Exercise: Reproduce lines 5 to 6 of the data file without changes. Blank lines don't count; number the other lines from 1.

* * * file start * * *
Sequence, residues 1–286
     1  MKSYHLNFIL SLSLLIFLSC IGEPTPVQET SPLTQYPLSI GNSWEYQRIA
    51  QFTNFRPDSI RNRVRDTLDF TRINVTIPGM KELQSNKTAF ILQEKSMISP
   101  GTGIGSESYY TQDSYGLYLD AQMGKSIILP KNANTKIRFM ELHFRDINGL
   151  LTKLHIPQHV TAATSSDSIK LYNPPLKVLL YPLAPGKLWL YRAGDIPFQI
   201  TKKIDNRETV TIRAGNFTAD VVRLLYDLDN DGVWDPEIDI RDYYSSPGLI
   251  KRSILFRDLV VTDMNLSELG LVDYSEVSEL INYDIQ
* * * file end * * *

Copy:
   151  LTKLHIPQHV TAATSSDSIK LYNPPLKVLL YPLAPGKLWL YRAGDIPFQI
   201  TKKIDNRETV TIRAGNFTAD VVRLLYDLDN DGVWDPEIDI RDYYSSPGLI